In his commencement address, teacher Bill Oliver advised the 2004 graduates of Dayton High School: "Be an individual. Be unique. Stand out. Make noise. Make people notice."
But senior Mark Scott, 19, listened to the speech from the sidelines, barred from the ceremony by two Lyon County Sheriff's deputies. He was not allowed to join his classmates because he wore a black-and-orange wig under his cap and a foam finger on his right hand.
"I don't want to be just part of the crowd," he explained. "This is my day and I want to make in memorable."
Superintendent Nat Lommori sent a letter home to seniors and their parents earlier this year telling them that graduates would not be allowed to decorate their caps and gowns, as had become a tradition.
He pointed to some decorations in past years that had been viewed as offensive by school officials and guests.
Ten students attended the May 19 school board meeting, urging trustees to change their minds. However, the policy remained intact.
A handful of students protested by donning altered caps - one with a light bulb that lit up and another with a giant cap - before Thursday evening's commencement exercises.
They returned to the traditional dress when school officials warned they would not be able to walk in the ceremony.
Only Scott held out.
"I want to be different," he said. "It's not worth it to be the same as everybody else."
And he knows about being different.
Scott wasn't sure he would graduate. Learning disabilities made school difficult and he was held back a grade.
But in recent years, he has made great achievements.
"I learned how to read this year," Scott said. "I think that's important. I learned to love math and I learned how to subtract and multiply fractions. Stuff like that."
Despite chants from classmates demanding, "Let Mark walk," he was banned from joining them.
Other alterations were allowed.
About half a dozen girls wore Hawaiian leis, at least two wore slippers with shredded silver-and-maroon material, and another boy pinned medals to his gown.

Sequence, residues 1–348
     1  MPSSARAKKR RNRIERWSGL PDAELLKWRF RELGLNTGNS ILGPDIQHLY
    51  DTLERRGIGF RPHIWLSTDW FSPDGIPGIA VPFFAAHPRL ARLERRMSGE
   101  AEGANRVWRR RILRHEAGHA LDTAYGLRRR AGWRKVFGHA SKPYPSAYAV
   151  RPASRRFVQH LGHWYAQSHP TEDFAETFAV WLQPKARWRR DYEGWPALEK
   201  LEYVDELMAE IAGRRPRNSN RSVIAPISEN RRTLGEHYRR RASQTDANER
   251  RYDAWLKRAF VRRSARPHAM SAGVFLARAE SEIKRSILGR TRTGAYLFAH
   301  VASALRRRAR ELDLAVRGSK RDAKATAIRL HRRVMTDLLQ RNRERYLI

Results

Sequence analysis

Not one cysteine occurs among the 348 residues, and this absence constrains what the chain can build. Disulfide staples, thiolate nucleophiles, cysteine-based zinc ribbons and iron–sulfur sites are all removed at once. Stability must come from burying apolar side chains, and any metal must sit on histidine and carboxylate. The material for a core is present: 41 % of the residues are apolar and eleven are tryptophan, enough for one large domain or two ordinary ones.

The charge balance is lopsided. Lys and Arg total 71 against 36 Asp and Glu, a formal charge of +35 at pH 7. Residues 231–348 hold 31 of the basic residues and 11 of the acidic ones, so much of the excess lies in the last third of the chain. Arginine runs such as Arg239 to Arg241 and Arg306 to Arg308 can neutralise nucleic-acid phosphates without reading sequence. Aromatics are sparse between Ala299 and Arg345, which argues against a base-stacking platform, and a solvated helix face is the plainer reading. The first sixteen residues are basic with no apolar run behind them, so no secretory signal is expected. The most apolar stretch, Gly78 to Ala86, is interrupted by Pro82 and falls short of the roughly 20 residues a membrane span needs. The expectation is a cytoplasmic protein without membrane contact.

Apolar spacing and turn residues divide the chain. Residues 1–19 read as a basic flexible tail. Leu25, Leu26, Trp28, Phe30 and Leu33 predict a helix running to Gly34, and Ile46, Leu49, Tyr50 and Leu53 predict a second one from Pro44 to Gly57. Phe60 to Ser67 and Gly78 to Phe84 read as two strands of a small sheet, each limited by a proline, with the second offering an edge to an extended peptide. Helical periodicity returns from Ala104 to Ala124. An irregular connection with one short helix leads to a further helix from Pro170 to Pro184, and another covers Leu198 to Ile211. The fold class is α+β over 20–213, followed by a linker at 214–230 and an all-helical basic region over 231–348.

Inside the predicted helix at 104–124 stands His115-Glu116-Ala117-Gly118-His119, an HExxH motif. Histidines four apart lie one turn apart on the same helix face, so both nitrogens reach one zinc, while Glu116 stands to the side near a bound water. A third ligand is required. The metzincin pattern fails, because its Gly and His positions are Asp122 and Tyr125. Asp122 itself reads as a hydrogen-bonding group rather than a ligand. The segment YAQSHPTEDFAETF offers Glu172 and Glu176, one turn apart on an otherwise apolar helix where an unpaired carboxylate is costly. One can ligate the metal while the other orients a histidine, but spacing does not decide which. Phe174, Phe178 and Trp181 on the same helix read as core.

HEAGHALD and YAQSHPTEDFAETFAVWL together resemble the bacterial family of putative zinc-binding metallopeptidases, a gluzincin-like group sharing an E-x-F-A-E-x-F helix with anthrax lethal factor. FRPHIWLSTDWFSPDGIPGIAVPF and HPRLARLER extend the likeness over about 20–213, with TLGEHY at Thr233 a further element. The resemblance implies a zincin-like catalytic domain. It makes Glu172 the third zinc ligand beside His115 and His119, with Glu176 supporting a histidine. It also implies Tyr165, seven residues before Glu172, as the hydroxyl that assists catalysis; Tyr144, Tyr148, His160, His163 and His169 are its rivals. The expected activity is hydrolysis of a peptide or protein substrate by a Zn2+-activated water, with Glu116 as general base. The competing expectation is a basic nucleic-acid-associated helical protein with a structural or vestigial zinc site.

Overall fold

Lommori supported the decision to exclude Scott.
"If you don't draw the line and enforce it, you'll always be dealing with it," he said. "He had the opportunity to walk if he'd just taken off what he had on."
Scott's aunt, Colleen Janes, disagreed.
"I think the school is setting a far worse precedent by not having someone walk in his own graduation who worked so hard to get here," she said. "But I'm proud of him."
Other family members and friends had reason to be proud of their students as well.
The 124 graduates received $975,000 in scholarships and 11 were recognized among the state's top students as Nevada Scholars.
In his salutatory speech, Miguel Lozada remembered his father, who passed away four years ago.
"I have not forgotten the person he wanted me to become," he said.
Valedictorian Stacy Shamblin recognized her sister, Crystal, who is serving in the military.
"She showed me what it takes to achieve great things," Shamblin said. "I would not be where I am in my life without her. I love her with all my heart."
At the conclusion of the ceremony, Principal Teri White told the graduates, "Today you are embarking on an adventure which will mark who you will become."
Scott was pleased with the first steps into his new adventure, which includes plans to serve a full-time mission for the Church of Jesus Christ of Latter-day Saints.
"I learned to stand up for my beliefs," he said. "That will help me on my mission."
Contact Teri Vance at email@example.com or at 881-1272.